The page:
Seek Feedback From Peers and Employees
For leaders who aren’t yet experienced in having difficult conversations, seeking feedback from peers and employees can be a fantastic starting point. Often, we’re our own worst critics, and we analyse whether we’ve said the right or wrong thing.
When we ask our peers – such as our managers and leaders – for feedback, they can offer different perspectives and provide constructive criticism that we can learn from and take on board.
Likewise, asking our people – our employees – for feedback through anonymous surveys enables us to understand how they’ve benefitted from the support we’ve offered and what they’d like to see us do differently in the future.
Expand Your Knowledge
Think about the last time you had a difficult conversation with a team member. Now think about what made that particular conversation difficult.
Was it a lack of knowledge and being unsure of what solutions to offer? Or was it something else?
As leaders, we aren’t expected to know everything. But when an employee approaches us, or we need to approach an employee regarding a specific topic, expanding our knowledge can make the conversation much easier.
Let’s take supporting neurodiversity in the workplace as an example.
As a leader, you may not have previously been required to support a neurodiverse individual in the workplace. For this reason, you may find conversations with them about their performance or any adjustments you need to make in the workplace to accommodate them challenging. You may worry about using the wrong terminology when speaking with them. Likewise, you might worry that you’ll upset them or seem confrontational when talking to them about their personal needs.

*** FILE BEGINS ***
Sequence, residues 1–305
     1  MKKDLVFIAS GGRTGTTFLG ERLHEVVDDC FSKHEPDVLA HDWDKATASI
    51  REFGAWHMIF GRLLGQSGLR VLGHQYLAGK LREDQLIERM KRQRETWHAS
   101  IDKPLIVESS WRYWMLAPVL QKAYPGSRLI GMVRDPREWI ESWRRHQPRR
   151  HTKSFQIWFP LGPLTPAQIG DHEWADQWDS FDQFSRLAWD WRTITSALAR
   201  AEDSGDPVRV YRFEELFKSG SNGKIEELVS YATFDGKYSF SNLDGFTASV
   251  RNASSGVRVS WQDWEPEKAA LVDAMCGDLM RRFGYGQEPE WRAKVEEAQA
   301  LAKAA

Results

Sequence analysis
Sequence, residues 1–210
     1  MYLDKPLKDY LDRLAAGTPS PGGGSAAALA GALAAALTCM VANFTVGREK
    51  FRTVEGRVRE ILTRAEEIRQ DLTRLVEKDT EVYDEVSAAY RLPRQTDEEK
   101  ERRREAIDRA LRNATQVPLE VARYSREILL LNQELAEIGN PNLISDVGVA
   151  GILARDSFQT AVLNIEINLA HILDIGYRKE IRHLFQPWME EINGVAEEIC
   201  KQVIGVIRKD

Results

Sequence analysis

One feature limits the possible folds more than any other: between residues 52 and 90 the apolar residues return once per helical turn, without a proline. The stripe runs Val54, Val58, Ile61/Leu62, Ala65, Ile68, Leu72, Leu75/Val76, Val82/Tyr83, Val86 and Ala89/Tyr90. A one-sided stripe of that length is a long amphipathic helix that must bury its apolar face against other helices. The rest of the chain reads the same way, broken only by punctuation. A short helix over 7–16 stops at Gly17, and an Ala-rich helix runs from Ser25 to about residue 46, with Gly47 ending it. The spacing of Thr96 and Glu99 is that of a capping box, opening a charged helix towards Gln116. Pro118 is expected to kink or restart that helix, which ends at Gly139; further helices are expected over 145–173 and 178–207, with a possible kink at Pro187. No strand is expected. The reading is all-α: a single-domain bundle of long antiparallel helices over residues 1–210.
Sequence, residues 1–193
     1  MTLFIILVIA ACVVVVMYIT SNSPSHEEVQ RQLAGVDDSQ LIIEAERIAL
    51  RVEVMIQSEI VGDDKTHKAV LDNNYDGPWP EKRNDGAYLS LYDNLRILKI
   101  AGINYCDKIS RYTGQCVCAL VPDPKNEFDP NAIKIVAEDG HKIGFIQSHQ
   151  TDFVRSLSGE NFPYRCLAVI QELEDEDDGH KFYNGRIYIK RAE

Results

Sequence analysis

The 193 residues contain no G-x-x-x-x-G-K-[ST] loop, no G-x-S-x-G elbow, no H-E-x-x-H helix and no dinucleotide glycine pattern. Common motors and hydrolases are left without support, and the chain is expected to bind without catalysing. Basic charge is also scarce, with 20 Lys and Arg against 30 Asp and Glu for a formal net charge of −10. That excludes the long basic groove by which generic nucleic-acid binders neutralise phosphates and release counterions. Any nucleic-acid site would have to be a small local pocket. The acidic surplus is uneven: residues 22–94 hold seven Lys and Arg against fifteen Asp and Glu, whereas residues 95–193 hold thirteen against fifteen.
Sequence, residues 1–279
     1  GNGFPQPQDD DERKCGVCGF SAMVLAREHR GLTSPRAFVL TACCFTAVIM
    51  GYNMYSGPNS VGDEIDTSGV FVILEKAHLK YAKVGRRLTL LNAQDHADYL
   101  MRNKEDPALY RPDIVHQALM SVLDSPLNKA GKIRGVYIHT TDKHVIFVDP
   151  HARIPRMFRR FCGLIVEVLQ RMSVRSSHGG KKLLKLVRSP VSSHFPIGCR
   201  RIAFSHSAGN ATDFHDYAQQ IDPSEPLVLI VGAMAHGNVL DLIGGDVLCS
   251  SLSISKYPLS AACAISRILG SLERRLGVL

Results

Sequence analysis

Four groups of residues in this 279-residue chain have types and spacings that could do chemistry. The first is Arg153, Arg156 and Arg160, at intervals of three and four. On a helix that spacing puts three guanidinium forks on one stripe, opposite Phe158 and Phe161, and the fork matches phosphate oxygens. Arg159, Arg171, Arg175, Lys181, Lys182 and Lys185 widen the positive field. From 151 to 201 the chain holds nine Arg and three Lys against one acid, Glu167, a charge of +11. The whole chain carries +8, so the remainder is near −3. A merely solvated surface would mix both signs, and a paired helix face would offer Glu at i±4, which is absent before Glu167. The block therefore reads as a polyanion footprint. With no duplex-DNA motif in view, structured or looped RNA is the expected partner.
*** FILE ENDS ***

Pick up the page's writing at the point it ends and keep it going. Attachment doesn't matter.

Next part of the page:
But by expanding your knowledge on neurodiversity and familiarising yourself with autism, ADHD, dyslexia, Tourette’s, and mental health, for example, having difficult conversations might not seem as challenging as you thought.
When it comes to expanding your knowledge, there are various things you could do. We share some ideas below:
Complete continued professional development.
Enrol in short courses.
Ask your peers for guidance.
Read books that explore neurodiversity in the workplace.
Attend seminars or lectures for additional insight.
Develop Your Emotional Intelligence
Emotional intelligence is an important leadership skill for several reasons. It supports us in understanding our own emotions and how they impact our behaviour. But more importantly, emotional intelligence enables us to develop better interpersonal relationships, display empathy, and solve problems.
Emotional intelligence helps us navigate sensitive topics and conflicts respectfully when having difficult conversations. It also allows us to remain calm, think more clearly, make rational decisions, and better understand other people’s perspectives.
Emotional intelligence can help us create trust and openness in the workplace. When we develop trust and openness at work, we can solve problems with the vision in mind and limit negative self-talk that may lead to worrying that we won’t be liked by others within the organisation.